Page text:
Friday, the leaderboard at the WGC-Cadillac Championship was the best one of the year, hands down. After two rounds, Tiger was at the top of the heap with G-Mac two strokes behind and Phil Mickelson and Steve Stricker T3 one back of him. And there was a bunch of cascading glitter on down from there.
After Saturday’s third round, the quality at the top is still “best of the year” quality, just a couple of names have shuffled around a little bit.
The top of the heap remains and begins with Tiger who shot a solid 5-under par, 67 that included two bogeys. That got him to 18-under with a 4-shot lead over Graeme McDowell who continues to hang on to 2nd by himself.
McDowell got off to a rip roaring start with an easy as pie eagle-3 on the par-5 1st hole to Tiger’s birdie. That closed the gap to just one shot. But Tiger countered with another birdie on the 2nd to get it back to two. They both birdied the 3rd to go deeper with the same spread.
But Tiger bogeyed the 5th to shrink it to a one again and when G-Mac birdied the 6th, Tiger’s lead was gone. It was one of the most exciting couple of hours on the Tour all year long for both Tiger’s rekindled brilliance and G-Mac’s steadfastness not to fall off the pace.
But as he frequently used to do, Tiger popped that balloon when he birdied 8, then 10 and G-Mac bogeyed 11. Back to a three-shot lead. And then it appeared that G-Mac was falling off the face of the earth with a double bogey on 14 that pushed him all the way to five shots back. And then Tiger hit him with another birdie on 15 that got it to six shots and the coronation bells began pealing.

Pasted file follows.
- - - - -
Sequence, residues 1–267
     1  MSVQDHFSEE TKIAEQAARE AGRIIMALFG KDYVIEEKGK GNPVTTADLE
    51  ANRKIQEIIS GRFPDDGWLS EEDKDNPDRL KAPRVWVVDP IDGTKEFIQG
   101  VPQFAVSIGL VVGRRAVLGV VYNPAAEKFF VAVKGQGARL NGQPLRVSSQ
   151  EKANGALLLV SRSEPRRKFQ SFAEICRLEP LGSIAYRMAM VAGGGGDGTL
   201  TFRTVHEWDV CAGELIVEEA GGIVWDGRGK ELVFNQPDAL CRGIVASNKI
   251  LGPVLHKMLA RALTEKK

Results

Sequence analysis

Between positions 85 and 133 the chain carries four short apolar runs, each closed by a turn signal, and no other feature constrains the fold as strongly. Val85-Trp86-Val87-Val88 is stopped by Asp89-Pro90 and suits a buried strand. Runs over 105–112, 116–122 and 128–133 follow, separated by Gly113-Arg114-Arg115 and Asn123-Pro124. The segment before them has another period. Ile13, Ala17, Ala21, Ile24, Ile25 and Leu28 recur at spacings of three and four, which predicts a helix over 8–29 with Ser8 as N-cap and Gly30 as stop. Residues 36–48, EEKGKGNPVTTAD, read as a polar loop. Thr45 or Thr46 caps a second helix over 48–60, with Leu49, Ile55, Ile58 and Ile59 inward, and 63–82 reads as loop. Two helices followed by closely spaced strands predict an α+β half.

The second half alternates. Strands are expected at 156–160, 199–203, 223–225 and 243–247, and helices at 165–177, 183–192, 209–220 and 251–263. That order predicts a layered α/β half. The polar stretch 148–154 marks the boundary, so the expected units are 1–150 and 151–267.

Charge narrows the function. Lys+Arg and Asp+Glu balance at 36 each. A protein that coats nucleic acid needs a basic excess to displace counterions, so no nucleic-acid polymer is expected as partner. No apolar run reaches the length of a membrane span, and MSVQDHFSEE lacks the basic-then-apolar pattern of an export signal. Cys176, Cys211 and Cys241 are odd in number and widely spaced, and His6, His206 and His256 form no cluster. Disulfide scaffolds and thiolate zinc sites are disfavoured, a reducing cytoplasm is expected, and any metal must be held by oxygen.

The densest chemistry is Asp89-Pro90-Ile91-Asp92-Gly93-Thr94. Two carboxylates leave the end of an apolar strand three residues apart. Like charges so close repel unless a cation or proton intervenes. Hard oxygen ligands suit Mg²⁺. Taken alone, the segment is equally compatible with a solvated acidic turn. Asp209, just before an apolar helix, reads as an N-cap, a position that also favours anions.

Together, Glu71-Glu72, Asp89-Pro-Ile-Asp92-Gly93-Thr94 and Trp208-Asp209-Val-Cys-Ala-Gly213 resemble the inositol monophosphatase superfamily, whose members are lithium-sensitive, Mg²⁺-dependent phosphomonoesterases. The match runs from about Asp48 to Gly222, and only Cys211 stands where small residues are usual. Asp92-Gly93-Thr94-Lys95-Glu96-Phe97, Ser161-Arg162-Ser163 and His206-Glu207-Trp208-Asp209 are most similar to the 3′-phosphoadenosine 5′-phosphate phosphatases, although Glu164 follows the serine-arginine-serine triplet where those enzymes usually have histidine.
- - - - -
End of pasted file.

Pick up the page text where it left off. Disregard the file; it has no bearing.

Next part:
But, “Not so fast!” claimed G-Mac with his chip-in eagle-2 on 16 to get it back to four shots and within striking distance. He lost two shots on the day but with that little burst of momentum that late in the game, he preserved some hope for Sunday.
But Tiger had one last hurrah that no one would have noticed had it not been for Johnny Miller’s commentary on NBC. All day long, Tiger had been striping finely tuned cut shots taking the left side of the course out of play with a reliable artistry we hadn’t seen in a while.
But when he got to 18, a cut shot would have to have been started out over the fronting pond with hopes that the estimation of the cut and the left to right wind speed would add up to a shot near the hole. In other words, not stop turning over the pond and not drift in the wind right of the green or into the back right bunker.
So instead, Tiger hit his first right to left shot against the wind on a line right of the flag and nowhere near the water. It was perfect and he punctuated it with a step-on-your-thoat birdie for emphasis. It was the Tiger of old in all his glory.
I just need to continue on with the track that I was working with Sean. I’m hitting the ball further and it’s just about adjustments. I haven’t hit my irons this far, well, with the new ball, ever, so it’s kind of nice to be able to get the ball out there.
I’ve had to reestablish the new numbers and new feels and just took a little bit of time and I worked on it. It’s starting to pay off.
I’m finally healthy and that has a lot to do with it. I’m able to make changes with Sean and those have been pretty much implemented.
We are just making fine tunes, each and every day you have little bitty adjustments here and there but the major overhauls are done and now I have more time to dedicate to my short game and that’s allowed me to win some golf tournaments last year and obviously win at Torrey this year.